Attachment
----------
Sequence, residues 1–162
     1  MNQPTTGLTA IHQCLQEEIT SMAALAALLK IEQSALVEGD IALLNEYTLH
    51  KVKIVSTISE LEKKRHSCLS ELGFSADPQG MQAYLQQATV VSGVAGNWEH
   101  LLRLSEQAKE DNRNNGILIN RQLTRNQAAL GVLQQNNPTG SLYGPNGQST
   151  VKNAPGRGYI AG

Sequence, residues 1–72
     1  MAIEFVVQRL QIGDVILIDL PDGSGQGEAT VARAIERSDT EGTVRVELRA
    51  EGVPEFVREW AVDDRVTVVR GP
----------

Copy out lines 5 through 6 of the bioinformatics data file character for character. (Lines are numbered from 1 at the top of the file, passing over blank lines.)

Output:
   151  VKNAPGRGYI AG

Sequence, residues 1–72